If you have questions about this information or wish to discuss this further, you can contact me at 877.506.3378 or online at Secure Medicare Solutions.

Health Care Reform – How Will It Affect Medicare?

Even if you wanted to, you cannot escape the talk of health care reform these days. It is everywhere in printed, online and television media. As a leading, independent resource for Medicare and Medicare insurance news, Secure Medicare Solutions has closely examined both sides of how the proposed bill will affect those on Medicare. Our goal is to give you an unbiased look at how some of the proposed changes will affect you and your Medicare and/or Medicare insurance.  

Proposed Reform: Better Pricing for Part D Drugs
How it Affects You: This is a proposed change to assist in regulating the pharmaceutical industry and controlling drug prices. Medicare Part D aims to do this by negotiating better overall prices for Part D drugs, which should, over time, reduce the Part D premiums and co-pays that Medicare-eligible individuals have to pay. Some headway has been made on this already, with the pharmaceutical industry agreeing to a 50% cut for those that reach the dreaded “donut hole” (details for this are still pending).

Proposed Reform: Reduce Medicare Payments to Private Insurers (Medicare Advantage)
How it Affects You: If you have been paying much attention to the health care debate, you have heard the Medicare Advantage program mentioned numerous times. The projected change is to base the payments to these private insurers on an average of the plans’ bids, rather than the system now which is a standardized government-set amount. For those on Medicare Advantage, this reduced funding will, most likely, lead to an increase in premium and/or reduced benefits. For everyone on Medicare, it should lead to the ability to reduce the Medicare Part B premium.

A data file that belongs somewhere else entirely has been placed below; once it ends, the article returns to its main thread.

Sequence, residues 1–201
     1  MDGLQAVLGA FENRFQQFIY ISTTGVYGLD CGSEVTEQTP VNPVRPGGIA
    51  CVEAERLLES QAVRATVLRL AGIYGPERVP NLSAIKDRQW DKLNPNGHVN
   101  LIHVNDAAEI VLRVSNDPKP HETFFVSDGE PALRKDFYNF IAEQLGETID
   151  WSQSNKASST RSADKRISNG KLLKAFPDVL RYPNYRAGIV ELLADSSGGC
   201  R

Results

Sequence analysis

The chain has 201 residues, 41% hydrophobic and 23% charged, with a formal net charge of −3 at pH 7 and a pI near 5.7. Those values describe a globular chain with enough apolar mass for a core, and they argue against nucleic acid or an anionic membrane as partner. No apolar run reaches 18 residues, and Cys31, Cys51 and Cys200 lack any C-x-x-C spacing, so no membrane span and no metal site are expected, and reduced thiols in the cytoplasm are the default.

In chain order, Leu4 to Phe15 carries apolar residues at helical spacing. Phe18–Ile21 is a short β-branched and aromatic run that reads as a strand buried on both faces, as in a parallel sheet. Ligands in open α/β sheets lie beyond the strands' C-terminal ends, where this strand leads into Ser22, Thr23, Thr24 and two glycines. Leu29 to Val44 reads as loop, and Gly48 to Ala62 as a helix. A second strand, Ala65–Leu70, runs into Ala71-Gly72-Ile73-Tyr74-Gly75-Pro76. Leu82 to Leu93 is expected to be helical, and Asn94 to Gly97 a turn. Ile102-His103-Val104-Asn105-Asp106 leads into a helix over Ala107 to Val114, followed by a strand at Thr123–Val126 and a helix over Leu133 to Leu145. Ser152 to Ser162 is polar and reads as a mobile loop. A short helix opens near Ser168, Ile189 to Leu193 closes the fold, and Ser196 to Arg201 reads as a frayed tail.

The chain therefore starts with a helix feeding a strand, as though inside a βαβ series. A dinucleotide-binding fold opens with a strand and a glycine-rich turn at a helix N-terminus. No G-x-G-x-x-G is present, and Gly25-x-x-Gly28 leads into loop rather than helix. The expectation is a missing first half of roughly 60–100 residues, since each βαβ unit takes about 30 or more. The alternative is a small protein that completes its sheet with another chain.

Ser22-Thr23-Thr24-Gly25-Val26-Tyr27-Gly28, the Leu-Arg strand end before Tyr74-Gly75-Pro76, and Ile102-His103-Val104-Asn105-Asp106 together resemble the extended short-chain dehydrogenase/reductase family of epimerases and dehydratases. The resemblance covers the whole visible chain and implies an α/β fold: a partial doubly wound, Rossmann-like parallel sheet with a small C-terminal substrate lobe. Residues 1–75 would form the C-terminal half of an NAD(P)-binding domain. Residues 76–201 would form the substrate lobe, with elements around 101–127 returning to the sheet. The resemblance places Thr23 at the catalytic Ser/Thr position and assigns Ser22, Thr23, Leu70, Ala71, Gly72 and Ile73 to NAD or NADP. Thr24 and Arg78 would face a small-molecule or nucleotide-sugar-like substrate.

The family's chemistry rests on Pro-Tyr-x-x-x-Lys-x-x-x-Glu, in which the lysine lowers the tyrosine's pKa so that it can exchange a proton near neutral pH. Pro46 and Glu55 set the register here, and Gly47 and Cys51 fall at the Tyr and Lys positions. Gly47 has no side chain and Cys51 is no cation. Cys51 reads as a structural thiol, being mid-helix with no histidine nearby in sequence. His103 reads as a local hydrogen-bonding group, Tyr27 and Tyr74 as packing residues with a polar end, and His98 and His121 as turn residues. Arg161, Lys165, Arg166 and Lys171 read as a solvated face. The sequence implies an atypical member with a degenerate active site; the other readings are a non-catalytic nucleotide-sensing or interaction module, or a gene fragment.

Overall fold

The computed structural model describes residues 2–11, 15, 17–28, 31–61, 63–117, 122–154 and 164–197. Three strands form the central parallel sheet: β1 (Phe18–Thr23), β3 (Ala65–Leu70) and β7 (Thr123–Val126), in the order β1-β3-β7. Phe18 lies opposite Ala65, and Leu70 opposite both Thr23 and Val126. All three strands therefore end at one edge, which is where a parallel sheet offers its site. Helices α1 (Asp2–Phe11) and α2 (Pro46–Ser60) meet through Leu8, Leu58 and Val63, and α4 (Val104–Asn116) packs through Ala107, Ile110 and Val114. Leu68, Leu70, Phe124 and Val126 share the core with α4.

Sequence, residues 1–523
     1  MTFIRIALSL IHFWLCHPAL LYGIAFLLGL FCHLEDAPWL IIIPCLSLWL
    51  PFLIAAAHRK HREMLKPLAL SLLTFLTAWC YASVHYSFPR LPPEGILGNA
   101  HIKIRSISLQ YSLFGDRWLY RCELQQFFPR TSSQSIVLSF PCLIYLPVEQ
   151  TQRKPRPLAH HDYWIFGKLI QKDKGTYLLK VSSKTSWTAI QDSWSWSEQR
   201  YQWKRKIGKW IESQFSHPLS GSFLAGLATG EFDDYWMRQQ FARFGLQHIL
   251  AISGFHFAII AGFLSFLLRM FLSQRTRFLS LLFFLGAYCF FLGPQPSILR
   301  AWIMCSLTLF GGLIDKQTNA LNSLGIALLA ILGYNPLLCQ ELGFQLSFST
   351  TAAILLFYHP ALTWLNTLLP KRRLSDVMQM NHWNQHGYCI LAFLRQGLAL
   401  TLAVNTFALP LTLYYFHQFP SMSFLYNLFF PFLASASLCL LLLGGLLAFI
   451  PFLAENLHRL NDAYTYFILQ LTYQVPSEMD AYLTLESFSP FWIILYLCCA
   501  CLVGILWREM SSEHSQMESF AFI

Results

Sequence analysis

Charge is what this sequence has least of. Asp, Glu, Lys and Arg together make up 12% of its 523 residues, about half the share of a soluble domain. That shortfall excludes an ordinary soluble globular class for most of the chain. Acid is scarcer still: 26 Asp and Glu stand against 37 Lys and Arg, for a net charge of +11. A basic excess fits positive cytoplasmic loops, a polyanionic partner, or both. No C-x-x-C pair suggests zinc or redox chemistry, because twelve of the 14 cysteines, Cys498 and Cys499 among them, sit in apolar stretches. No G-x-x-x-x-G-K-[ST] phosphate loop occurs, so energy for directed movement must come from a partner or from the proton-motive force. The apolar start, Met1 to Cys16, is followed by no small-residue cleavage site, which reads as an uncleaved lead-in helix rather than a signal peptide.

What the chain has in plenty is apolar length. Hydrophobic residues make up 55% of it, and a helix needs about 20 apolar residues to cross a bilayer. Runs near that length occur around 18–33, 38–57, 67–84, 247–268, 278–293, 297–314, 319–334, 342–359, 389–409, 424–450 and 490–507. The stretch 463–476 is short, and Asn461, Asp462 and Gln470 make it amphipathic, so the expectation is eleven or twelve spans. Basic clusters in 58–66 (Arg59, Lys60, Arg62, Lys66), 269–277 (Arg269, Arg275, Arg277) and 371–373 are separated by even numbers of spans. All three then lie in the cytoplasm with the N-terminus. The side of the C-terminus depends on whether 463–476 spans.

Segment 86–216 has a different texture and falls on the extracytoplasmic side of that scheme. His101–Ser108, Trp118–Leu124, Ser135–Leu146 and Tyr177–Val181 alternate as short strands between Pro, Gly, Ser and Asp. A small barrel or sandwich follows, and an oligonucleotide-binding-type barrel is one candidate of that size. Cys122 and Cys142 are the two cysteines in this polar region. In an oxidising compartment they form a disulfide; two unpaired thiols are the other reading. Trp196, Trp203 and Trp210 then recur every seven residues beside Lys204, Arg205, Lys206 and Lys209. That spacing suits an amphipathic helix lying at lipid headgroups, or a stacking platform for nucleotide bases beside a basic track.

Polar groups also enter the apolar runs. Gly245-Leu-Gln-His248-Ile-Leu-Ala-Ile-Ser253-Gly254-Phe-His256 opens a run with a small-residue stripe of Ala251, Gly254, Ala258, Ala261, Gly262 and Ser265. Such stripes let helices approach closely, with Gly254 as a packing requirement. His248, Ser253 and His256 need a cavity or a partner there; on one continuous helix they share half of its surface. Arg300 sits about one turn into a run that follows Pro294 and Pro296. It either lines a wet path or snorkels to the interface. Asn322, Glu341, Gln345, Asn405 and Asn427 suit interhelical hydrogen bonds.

Proposed Reform: Link Payments to Hospitals to Hospital Performance
How it Affects You: The idea to link hospital payments for Medicare patients to hospital performance has been around for a while, and it is a major part of the proposed health care reform. It’s intention is to increase overall hospital efficiency and give hospitals an economic incentive to “do right” by the patient. Some feel that this will lead to greater efficiency at hospitals, while others believe it will lead to greater dishonesty and fraud within the system. If it is a part of any legislation that is passed, we’ll find out for sure!

Proposed Reform: Standardization of Payments to Skilled Nursing Facilities/Long-term Care Facilities
How it Affects You: This provision of proposed legislation is intended to cut waste in the current Medicare system by measuring actual costs to come up with a more uniform system for reimbursing these facilities through Medicare. It remains to be seen if this will affect the quality of care received if in one of these facilities; however, the overall goal is to reduce waste in this part of the system and reduce the cost of Medicare to all Medicare-eligible individuals.

Proposed Reform: Reduce/Regulate Fraud, Waste and Abuse in the Medicare System
How it Affects You: This is the proposed reform that most everyone can agree upon. There have been many ideas tossed around as to how to do this. One of the primary ways that this is projected to be accomplished is higher scrutiny of health care providers and hospitals. Additional pre-payment reviews will be implemented, particularly on doctors/hospitals that order a significant amount of high-risk or high-cost procedures. Over time, this is intended to reduce the cost of Medicare (Part B premium, etc) to the individual.

Regardless of which side of the debate you come down on, it is obviously important to keep an eye on how it will all play out and how it will affect you. At Secure Medicare Solutions, we will do our part to keep you updated on any changes. You can always get updated information and follow along with us at Secure Medicare Solutions: An informative Medicare Insurance and Medicare Supplement Blog.